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View Diary: Whither the Sixth Amendment? (30 comments)

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  •  The 'right' to an attorney is meaningless if (0+ / 0-)

    the government can simply ignore its invocation.

    Please tell me what the 'right to an attorney' means in such a case.

    •  Given the context, we're talking about the (0+ / 0-)

      duration of the Miranda Exemption.  (up to 48h)

      Nevermind the slippery slope of if 48, why not 72 or 144?

      Happy little moron, Lucky little man.
      I wish I was a moron, MY GOD, Perhaps I am!
      —Spike Milligan

      by polecat on Tue Apr 30, 2013 at 10:46:23 AM PDT

      [ Parent ]

      •  Actually, we're not. All the Miranda Public (1+ / 0-)
        Recommended by:
        LeftyAce

        Safety Exception does is give the government time to question a suspect without advising him or her of his or her rights.

        The Miranda Public Safety Exception does not give the governemtn carte blanche to deny someone the right to an attorney.

        Unless we have entered a new Lewis Carroll realm where, as the White Rabbit might say, words can mean whatever you want them to mean and the 'right to an attorney' means you get an attorney when we say you can have one, not when you request one.

        •  I hear what you're saying, but do you hear what (0+ / 0-)

          I'm saying:

          That knowing to ask for an attorney completely trumps everything, including the intent behind the Public Safety Exemption.

          Someone didn't think that out all the way.

          Happy little moron, Lucky little man.
          I wish I was a moron, MY GOD, Perhaps I am!
          —Spike Milligan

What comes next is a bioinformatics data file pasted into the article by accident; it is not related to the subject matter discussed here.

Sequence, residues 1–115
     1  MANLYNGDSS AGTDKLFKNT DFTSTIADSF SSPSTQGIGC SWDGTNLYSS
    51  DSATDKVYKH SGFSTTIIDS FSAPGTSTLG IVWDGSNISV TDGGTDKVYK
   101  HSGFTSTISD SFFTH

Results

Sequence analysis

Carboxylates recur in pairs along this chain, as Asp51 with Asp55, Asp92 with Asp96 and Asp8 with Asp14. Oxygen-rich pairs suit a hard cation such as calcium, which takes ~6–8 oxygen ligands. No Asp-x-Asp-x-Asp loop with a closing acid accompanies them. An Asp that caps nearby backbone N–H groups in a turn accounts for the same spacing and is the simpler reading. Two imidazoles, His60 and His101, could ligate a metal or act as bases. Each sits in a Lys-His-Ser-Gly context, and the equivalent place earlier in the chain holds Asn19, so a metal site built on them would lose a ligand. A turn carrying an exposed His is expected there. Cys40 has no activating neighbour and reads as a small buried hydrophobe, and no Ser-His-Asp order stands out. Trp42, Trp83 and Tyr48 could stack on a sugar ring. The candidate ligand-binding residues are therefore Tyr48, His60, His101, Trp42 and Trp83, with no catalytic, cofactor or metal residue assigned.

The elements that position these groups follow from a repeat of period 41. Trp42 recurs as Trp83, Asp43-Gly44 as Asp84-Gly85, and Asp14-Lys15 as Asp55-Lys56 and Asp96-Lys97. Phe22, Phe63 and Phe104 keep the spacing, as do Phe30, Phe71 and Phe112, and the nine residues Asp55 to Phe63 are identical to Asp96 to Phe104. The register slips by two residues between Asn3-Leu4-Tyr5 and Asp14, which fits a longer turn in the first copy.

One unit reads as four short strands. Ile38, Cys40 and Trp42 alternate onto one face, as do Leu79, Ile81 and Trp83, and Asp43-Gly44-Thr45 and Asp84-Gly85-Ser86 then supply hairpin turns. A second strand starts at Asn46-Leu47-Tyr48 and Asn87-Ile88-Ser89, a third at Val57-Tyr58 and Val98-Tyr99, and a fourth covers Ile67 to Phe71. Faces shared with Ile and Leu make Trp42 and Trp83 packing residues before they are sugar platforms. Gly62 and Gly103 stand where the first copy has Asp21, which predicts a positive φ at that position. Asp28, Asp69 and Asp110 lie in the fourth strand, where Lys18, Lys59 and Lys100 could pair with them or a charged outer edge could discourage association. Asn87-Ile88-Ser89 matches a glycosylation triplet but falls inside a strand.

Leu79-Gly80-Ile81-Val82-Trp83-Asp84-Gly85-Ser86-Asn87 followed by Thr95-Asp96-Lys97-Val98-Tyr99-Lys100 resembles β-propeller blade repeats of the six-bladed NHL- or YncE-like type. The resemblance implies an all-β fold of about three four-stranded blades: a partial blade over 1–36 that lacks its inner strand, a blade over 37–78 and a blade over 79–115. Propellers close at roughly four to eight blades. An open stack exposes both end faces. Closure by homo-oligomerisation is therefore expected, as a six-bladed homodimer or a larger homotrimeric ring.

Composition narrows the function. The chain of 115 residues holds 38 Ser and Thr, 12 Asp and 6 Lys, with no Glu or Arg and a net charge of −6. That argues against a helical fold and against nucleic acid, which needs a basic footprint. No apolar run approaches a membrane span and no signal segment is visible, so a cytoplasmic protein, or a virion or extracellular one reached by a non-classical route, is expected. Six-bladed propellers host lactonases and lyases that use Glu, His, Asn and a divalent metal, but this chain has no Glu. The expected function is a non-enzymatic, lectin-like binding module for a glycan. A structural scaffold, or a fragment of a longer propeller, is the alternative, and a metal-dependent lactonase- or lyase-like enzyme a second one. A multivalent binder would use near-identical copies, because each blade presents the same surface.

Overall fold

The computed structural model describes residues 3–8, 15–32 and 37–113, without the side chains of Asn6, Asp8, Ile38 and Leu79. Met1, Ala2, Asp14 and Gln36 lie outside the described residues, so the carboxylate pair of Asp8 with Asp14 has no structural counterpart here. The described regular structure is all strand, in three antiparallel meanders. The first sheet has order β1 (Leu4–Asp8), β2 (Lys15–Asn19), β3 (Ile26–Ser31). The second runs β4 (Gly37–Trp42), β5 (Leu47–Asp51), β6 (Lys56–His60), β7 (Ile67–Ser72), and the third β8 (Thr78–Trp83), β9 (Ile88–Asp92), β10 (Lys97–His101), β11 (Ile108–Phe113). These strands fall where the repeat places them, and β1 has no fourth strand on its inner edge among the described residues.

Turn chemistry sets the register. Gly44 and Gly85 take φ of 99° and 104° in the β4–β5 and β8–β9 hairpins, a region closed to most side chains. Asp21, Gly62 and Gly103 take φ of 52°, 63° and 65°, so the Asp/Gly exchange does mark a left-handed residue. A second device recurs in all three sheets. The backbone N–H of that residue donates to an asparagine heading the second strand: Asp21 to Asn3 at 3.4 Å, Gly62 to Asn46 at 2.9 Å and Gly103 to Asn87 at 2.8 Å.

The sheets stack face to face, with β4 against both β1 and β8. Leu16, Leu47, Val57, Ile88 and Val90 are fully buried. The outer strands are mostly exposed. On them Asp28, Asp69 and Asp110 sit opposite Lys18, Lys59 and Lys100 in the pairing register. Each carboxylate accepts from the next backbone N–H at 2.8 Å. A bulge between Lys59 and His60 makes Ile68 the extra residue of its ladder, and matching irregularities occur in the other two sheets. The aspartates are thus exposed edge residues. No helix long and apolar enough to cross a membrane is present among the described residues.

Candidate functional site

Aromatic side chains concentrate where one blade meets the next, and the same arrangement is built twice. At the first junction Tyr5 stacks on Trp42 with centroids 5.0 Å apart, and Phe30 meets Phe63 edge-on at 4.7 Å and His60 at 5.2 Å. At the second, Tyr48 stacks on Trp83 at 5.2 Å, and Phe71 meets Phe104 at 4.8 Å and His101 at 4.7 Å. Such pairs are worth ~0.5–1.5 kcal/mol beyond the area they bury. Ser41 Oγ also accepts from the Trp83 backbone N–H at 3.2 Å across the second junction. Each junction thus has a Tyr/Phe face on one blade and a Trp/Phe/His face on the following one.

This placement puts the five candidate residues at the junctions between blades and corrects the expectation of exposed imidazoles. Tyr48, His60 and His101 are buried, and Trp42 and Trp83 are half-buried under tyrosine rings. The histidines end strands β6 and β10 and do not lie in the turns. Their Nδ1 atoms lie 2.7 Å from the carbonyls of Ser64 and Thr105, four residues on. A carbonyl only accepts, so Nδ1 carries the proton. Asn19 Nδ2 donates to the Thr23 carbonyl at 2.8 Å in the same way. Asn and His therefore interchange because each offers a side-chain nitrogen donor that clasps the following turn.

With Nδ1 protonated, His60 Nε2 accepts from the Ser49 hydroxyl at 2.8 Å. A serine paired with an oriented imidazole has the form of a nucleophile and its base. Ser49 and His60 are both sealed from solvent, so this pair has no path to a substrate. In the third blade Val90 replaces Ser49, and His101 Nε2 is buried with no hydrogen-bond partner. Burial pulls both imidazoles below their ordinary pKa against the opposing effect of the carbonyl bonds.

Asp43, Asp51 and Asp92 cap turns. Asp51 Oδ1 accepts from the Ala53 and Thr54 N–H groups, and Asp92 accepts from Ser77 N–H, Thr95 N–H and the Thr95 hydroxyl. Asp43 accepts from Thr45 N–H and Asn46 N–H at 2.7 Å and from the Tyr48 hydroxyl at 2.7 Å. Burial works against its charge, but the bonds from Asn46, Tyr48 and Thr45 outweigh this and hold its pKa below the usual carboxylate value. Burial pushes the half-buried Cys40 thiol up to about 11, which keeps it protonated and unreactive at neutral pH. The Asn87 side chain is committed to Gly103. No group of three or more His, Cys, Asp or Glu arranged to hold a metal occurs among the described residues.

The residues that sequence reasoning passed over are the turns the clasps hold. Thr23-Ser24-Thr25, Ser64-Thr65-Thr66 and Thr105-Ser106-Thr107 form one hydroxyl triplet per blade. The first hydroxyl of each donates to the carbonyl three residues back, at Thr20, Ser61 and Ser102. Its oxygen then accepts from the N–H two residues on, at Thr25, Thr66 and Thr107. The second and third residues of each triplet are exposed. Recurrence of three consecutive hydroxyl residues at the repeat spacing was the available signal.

by polecat on Tue Apr 30, 2013 at 11:06:43 AM PDT

          [ Parent ]

          •  Again, I'm not an attorney, so these are a (1+ / 0-)
            Recommended by:
            polecat

            layperson's observations.

            The case that established the Public Safety Exception (Quarles vs. New York, 1984) was not a unanimous ruling. It was a 6-3 decision with vigorous dissent. Because the PSE creates a slippery slope whereby authorities can compel self-incrimination under the guise of protecting a nebulous public safety.

            It means something to say that citizens have the right to an attorney if, upon invocation of that right by a citizen, the government ignores its invocation. Why not dispense with the mumbo-jumbo and simply say the truth: You no longer have a right to an attorney. (Small matter that James Madison would be spinning in his grave.)

            •  TL;DR: It's hard to balance the public need vs. (0+ / 0-)

              the individual.  And we still don't have it right.

              Happy little moron, Lucky little man.
              I wish I was a moron, MY GOD, Perhaps I am!
              —Spike Milligan

              by polecat on Tue Apr 30, 2013 at 11:20:42 AM PDT

              [ Parent ]

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